• 40A [Course on how to be sophisticated?] URBANE STUDIES. Urban Studies. 
  • 60A [Course on actor Cage and TV show writer Pizzolatto’s lives as students?] CLASS NICS. Classics. 
  • 72A [Course on tallying up anatomical pouches?] SAC COUNTING. Accounting. 
  • 95A [Course on the peculiarities of a bottled spirit?] GENIE TICS. Genetics. 
  • 97A [Course on the science of Vincent van Gogh’s brother?] THEO-OLOGY. Theology. 
  • 106A [Course on motion and energy as taught by college basketball coach Auriemma?] GENO PHYSICS. Geophysics. 
  • 120A [Extra period of time to complete a school assignment … and what’s spelled out by the extra letters in this puzzle’s courses] EXTENSION.

I can’t believe how long it took me to see the theme. I really needed that revealer- which isn’t a bad thing at all, as it provided the AHA moment AND it helped me figure out some areas of fill that I was having trouble with. That’s what I like most in a puzzle- when the theme aids in determining the fill.

It’s a theme idea we’ve seen before from Evan- I daresay it feels like a theme that belongs to Evan: Added/Missing letters make ridiculous theme answers and those letters later spell the revealer. But I always like them. I especially enjoy the absurdity of the cluing. My favorite of this bunch being the bisexual ox. Yes, some of the theme relies a bit too heavily on unfamiliar names imo, and the clue for CLASS NICS is struggling to make the answer coherent, but again, once the theme is grokked, it’s easy to see both the classes and to determine the extra letter that may be missing from names like THEO, GENO, and WEEB. You can’t cry “Natick!” at LAWSON/WEEB because eventually, you’ll figure out WE(e)B DESIGN.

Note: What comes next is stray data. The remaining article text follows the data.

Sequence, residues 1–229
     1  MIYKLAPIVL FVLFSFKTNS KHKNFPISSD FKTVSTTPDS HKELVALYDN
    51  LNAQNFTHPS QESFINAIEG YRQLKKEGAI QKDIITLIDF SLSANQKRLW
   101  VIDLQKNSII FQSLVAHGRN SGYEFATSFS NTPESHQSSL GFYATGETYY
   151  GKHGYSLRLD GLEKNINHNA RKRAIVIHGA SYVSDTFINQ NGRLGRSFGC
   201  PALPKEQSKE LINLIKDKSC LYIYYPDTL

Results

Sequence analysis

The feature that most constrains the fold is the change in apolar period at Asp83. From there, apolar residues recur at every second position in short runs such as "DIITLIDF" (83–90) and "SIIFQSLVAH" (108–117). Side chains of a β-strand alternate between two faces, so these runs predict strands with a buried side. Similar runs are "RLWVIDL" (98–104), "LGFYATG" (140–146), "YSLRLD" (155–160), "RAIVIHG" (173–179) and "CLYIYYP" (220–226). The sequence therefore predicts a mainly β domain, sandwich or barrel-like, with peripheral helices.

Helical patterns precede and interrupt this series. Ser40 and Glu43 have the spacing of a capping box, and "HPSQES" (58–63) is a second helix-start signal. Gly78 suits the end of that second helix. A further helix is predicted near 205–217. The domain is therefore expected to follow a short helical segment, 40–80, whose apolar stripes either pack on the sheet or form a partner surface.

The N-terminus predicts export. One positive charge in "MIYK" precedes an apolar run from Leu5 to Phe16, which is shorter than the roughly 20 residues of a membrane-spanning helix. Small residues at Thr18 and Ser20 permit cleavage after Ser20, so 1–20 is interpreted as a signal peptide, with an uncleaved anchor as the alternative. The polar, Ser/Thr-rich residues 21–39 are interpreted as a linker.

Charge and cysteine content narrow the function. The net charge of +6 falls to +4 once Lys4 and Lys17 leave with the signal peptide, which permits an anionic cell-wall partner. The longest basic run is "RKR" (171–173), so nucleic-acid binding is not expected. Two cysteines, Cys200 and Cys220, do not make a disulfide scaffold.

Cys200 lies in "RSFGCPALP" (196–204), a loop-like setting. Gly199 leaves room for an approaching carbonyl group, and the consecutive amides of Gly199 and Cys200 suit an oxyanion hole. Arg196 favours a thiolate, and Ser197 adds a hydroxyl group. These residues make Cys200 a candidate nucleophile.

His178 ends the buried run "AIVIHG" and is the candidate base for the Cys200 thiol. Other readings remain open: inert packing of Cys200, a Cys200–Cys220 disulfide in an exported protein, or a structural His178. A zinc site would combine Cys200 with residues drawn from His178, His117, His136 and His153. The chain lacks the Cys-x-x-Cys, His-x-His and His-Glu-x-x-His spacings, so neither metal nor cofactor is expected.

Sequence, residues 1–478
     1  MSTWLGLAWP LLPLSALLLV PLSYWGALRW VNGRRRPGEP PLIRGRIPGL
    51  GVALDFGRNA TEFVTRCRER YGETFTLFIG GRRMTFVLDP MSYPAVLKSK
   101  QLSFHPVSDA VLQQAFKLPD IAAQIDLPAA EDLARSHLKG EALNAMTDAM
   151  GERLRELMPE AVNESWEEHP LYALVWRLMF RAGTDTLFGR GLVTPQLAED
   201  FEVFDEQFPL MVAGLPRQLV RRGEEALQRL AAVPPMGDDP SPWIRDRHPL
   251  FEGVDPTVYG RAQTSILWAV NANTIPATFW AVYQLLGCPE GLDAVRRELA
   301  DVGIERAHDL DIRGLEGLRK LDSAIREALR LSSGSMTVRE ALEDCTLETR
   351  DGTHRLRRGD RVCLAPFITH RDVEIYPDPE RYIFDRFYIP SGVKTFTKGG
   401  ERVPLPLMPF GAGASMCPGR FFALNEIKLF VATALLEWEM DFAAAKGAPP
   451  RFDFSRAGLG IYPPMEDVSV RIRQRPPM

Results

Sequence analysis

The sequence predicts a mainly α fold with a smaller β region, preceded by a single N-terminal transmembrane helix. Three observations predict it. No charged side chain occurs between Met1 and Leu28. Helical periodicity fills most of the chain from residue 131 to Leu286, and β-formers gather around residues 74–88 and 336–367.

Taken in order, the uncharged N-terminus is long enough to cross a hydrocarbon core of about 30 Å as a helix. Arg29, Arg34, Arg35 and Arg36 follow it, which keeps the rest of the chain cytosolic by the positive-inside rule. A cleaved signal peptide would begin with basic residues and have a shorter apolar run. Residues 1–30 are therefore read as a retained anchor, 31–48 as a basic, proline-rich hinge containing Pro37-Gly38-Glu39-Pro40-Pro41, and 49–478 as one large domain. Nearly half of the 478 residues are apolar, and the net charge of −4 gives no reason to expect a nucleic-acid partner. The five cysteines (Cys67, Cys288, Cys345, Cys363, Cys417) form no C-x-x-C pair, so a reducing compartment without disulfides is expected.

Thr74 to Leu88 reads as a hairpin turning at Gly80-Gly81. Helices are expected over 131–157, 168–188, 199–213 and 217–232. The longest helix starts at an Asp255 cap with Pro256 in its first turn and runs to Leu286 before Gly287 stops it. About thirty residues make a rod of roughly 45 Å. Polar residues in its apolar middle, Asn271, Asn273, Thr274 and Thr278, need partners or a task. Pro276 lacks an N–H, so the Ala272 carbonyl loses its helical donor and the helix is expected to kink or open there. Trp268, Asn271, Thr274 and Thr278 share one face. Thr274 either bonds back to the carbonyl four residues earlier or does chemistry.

And either my brain started to give up, or the bottom half was significantly harder than the top half. Anyone else experience that?

Anyway, great start to the Sunday solves!


Evan Kalish’s Universal crossword — “Linking Word” — Jim Q’s review

It wasn’t until about halfway through the puzzle that I looked up at the byline. Then I thought “Oh… that’s why.” That was in response to my so thoroughly enjoying the cluing and fill of this puzzle, and Evan’s attention to these details is always impressive.

THEME: The word VERB is hidden in common phrases.

Universal crossword solution · “Linking Word” · Evan Kalish · Sun., 4.5.20


  • 20A [Magical solution to a huge problem] SILVER BULLET. 
  • 36A [Floating casino sites] RIVER BOATS. 
  • 43A [Levitating transport for Marty McFly] HOVER BOARD. I believe that’s specifically referring to Back to the Future: Part II (the best of them all for sure!). 
  • 57A [Like a movie filled with exciting scenes, or a hint to the word hidden in 20-, 36- and 43-Across] ACTION PACKED. 

First off, the revealer in this is great. It was fun to go back and see what I missed- that each of the themers is indeed “action packed.” Dad joke for sure, but a good one!

But really, I just had a grand ol’ time filling this with clues like:

  • 19A [Like Abraham Lincoln’s physique] LANKY. When I woke up this morning, I didn’t know I’d be checking out Abe’s bod in my mind’s eye.
  • 39A [Book group holder?] SHELF. Good one.